conjunction with a large world map to locate volcanoes.
For a FREE program that prints world maps on a PC printer
Where Is It?
Guess what place on earth NASA's pictures
from space show.
Build Your Own Mars
Pathfinder Spacecraft Model Science
Download a pattern to make your own model of Mars
The World at Night
NASA's Observatorium Science
Can you locate the major cities of the US and Europe? At
night? From a satellite? This is a geography quiz, based
on nighttime satellite pictures.
Imagine the Science
The High Energy Astrophysics Science Archive Research
Center has this information on red dwarfs, white dwarfs,
dark matter, pulsars and much more!
Solar System Trading Cards
Great pictures on virtual cards that you collect by
correctly identifying pieces of the solar system. More
fun than it sounds.
How Far Is It?
Give the computer the names of two cities, and it will
calculate miles, and show you both cities on a world map
(your choice of projections)
For a FREE program that prints maps from one page to
almost six feet across on a PC printer check out Mega
Cyber Tiger National Geographic
"Build a digital habitat for a Siberian tiger"
(in a zoo)
Using a model of underwater mountains, students
make a representation of the mountains the way they would
be seen by sonar.
What Came First?
A highly visual activity for understanding the
sequence of evolution.
Model of Sea-Floor
Use the part entitled "A Model of Sea-Floor
Spreading" about half way down the page.
Lots of fascinating material on important subjects;
however, the teacher (or parent) will have to figure it
out some before presenting it to the student. The first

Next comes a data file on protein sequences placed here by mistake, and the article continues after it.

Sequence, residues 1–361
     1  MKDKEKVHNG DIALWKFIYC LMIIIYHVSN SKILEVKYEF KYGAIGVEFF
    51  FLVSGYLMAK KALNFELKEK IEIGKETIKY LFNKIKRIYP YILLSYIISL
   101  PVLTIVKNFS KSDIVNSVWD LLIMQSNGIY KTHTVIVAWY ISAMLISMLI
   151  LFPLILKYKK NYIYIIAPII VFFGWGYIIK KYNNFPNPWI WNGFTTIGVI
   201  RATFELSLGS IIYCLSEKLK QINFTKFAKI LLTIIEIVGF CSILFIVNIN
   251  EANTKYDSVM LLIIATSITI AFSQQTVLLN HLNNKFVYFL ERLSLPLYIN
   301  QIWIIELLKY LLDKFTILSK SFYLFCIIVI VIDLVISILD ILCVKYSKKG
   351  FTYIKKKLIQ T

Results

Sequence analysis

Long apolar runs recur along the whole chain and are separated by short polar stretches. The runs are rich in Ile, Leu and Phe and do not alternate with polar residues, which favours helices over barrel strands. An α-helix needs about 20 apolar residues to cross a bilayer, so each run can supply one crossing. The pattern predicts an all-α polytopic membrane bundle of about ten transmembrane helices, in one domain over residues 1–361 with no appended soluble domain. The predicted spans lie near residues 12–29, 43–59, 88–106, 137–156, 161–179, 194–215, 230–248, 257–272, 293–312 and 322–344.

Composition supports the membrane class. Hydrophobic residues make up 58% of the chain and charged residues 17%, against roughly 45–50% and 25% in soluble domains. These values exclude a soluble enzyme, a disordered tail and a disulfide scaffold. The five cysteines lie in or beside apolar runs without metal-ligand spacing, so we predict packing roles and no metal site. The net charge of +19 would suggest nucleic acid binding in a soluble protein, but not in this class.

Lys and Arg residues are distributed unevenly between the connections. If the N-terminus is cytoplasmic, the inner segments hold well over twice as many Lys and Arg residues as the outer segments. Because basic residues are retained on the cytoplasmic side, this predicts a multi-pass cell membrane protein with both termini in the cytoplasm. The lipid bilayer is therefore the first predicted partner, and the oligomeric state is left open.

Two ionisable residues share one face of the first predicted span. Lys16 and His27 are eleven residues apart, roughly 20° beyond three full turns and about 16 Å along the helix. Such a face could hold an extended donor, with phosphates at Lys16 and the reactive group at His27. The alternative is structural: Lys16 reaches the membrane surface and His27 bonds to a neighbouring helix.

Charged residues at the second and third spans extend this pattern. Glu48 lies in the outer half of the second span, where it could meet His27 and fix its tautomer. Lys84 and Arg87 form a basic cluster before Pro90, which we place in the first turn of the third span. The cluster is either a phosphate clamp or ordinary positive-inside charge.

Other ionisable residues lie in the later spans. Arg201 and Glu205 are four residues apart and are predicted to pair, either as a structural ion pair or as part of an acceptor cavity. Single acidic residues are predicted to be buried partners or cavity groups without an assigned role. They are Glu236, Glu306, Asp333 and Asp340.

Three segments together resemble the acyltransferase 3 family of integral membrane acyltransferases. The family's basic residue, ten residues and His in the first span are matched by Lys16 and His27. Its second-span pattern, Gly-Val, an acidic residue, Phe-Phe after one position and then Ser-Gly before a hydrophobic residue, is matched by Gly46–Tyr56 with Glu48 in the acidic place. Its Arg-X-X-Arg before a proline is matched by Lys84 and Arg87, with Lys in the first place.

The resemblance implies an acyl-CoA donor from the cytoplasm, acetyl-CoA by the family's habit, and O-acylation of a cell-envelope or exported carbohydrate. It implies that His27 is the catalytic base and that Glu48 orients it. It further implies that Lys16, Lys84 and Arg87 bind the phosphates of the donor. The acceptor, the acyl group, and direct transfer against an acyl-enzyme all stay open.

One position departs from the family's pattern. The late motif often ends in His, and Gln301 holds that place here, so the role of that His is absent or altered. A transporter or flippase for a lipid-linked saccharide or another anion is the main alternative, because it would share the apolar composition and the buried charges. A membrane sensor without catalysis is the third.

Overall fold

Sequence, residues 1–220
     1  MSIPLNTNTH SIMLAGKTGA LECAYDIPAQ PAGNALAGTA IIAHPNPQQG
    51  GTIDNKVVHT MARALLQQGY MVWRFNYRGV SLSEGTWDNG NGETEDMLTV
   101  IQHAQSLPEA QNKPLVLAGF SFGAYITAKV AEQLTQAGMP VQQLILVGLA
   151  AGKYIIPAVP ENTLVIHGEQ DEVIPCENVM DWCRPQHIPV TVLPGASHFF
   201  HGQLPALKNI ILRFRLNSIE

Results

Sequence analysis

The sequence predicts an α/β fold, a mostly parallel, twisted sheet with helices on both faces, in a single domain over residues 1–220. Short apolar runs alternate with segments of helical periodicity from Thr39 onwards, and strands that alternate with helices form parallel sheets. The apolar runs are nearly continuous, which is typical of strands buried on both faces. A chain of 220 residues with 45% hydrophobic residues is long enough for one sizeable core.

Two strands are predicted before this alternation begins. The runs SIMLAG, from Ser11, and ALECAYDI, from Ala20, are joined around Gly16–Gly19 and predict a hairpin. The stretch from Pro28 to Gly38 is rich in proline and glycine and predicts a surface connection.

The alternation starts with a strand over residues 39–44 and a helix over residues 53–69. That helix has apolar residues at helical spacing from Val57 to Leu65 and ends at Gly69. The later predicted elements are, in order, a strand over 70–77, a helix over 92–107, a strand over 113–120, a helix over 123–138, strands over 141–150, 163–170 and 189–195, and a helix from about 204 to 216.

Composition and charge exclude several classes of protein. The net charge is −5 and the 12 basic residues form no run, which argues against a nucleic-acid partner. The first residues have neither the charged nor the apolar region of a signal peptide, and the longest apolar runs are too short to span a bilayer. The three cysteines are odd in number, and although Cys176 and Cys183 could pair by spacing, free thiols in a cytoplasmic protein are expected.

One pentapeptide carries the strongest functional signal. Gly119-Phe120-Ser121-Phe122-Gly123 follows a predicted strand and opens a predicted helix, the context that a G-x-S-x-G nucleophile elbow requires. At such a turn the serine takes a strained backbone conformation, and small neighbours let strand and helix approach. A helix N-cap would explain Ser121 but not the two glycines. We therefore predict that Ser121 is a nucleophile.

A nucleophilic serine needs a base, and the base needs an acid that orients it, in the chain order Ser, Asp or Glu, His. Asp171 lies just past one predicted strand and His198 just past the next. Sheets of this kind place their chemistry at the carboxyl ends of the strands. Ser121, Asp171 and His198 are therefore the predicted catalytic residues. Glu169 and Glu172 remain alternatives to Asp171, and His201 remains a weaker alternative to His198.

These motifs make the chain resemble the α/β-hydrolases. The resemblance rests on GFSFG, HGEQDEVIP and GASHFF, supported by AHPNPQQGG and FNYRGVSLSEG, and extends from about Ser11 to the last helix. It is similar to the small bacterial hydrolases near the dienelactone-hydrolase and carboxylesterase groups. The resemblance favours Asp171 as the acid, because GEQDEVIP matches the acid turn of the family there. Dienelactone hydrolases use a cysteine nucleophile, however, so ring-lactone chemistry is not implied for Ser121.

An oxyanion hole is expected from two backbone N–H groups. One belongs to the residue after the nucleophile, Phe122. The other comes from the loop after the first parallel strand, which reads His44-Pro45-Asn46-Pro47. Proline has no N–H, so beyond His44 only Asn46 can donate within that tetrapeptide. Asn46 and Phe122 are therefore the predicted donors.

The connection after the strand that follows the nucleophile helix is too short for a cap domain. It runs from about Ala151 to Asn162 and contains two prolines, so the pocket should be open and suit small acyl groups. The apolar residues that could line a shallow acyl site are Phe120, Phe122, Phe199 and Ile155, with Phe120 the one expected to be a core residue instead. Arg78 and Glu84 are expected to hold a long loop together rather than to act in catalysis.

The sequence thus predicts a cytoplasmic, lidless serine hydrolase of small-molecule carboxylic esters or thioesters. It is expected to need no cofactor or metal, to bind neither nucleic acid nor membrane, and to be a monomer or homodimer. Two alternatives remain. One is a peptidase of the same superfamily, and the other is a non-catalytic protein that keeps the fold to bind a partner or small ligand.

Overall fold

part of the lesson unfortunately uses commercial material
not readily available, but the second part gives a good
model of vital information.
Tracking Global Climate
Change: Microfossil Record of the Planetary Heat Pump
Some excellent information and activities to
illustrate how the planetary heat pump works.
Unfortunately, to do any hands-on with the foraminifera
you need both foraminifera and a binocular microscope,
not readily available. But the first part of the site
really explains the distribution of the sun's energy
on the earth and some of its effects.
Paleoenvironments with Microfossils
The more complicated parts of this lesson are
simply too technical, even for most high school students.
It does, however, give some more information on how
students may be able to collect foraminifera (protozoans
about the size of a grain of sand) fossils
Dino-Facts A Unit on
Good information about dinosaur fossils, and how
scientists interpret fossils to theorize about their
Correlation and Strata
Students use index fossils to trace specific
strata that occur in both France and Montana. Students
learn that certain creatures which became fossils existed
only at specific times, and in a certain order. Only in a
few of these is there a chance of finding fossils.
Not really interactive, but a fun list of (real
and imaginary) dinosaur names
Make an artificial fog, and examine the laser
beam through it. Also games to play with your cat or
dog--my cat thought this was the best game ever.
Dry Ice Experiments
Sounds fun, and a little wild. Do make sure
everyone has eye protection, and that no one handles the
dry ice with bare hands.
The principles of aeronautics and some experiments to
Learn how to find positions on a map, from the crew of
the Lady Washington, a traditional square-rigger sailing
Making a Chicken Mummy
This site has a LOT about mummies, including how to mummify a
chicken. Some of this site is not for the faint-hearted, which is
why kids will love it. From the deliberately created Egyptian
mummies to the bog mummies of Northern Europe, some of whom seem to
have been human sacrifice, to plaster casts of people trapped in
Pompeii by the volcano, it offers glimpses of other cultures and
their ideas about life and death.